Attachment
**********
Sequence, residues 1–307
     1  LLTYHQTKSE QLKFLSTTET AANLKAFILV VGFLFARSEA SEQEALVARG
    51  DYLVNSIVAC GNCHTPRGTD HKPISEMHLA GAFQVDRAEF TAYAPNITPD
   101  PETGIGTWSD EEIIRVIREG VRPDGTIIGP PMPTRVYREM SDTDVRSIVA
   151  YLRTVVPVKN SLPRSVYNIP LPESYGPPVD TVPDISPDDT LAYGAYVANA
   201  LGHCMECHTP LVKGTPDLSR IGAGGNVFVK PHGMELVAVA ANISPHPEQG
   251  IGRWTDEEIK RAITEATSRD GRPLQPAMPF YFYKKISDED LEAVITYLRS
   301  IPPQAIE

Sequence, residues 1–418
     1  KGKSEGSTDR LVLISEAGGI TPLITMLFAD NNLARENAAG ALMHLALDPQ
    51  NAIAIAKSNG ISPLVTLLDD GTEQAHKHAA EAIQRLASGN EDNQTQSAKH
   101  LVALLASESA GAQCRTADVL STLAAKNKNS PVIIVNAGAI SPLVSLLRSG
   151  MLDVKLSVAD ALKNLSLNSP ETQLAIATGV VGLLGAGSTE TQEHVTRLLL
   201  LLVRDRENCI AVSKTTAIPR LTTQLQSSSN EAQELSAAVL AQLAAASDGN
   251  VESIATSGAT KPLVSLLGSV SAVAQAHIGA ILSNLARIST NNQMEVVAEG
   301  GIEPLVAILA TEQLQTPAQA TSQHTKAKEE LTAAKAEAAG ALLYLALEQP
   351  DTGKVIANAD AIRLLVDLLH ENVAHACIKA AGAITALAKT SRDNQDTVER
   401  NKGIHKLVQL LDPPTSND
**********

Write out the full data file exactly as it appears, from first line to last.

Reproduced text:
Sequence, residues 1–307
     1  LLTYHQTKSE QLKFLSTTET AANLKAFILV VGFLFARSEA SEQEALVARG
    51  DYLVNSIVAC GNCHTPRGTD HKPISEMHLA GAFQVDRAEF TAYAPNITPD
   101  PETGIGTWSD EEIIRVIREG VRPDGTIIGP PMPTRVYREM SDTDVRSIVA
   151  YLRTVVPVKN SLPRSVYNIP LPESYGPPVD TVPDISPDDT LAYGAYVANA
   201  LGHCMECHTP LVKGTPDLSR IGAGGNVFVK PHGMELVAVA ANISPHPEQG
   251  IGRWTDEEIK RAITEATSRD GRPLQPAMPF YFYKKISDED LEAVITYLRS
   301  IPPQAIE

Sequence, residues 1–418
     1  KGKSEGSTDR LVLISEAGGI TPLITMLFAD NNLARENAAG ALMHLALDPQ
    51  NAIAIAKSNG ISPLVTLLDD GTEQAHKHAA EAIQRLASGN EDNQTQSAKH
   101  LVALLASESA GAQCRTADVL STLAAKNKNS PVIIVNAGAI SPLVSLLRSG
   151  MLDVKLSVAD ALKNLSLNSP ETQLAIATGV VGLLGAGSTE TQEHVTRLLL
   201  LLVRDRENCI AVSKTTAIPR LTTQLQSSSN EAQELSAAVL AQLAAASDGN
   251  VESIATSGAT KPLVSLLGSV SAVAQAHIGA ILSNLARIST NNQMEVVAEG
   301  GIEPLVAILA TEQLQTPAQA TSQHTKAKEE LTAAKAEAAG ALLYLALEQP
   351  DTGKVIANAD AIRLLVDLLH ENVAHACIKA AGAITALAKT SRDNQDTVER
   401  NKGIHKLVQL LDPPTSND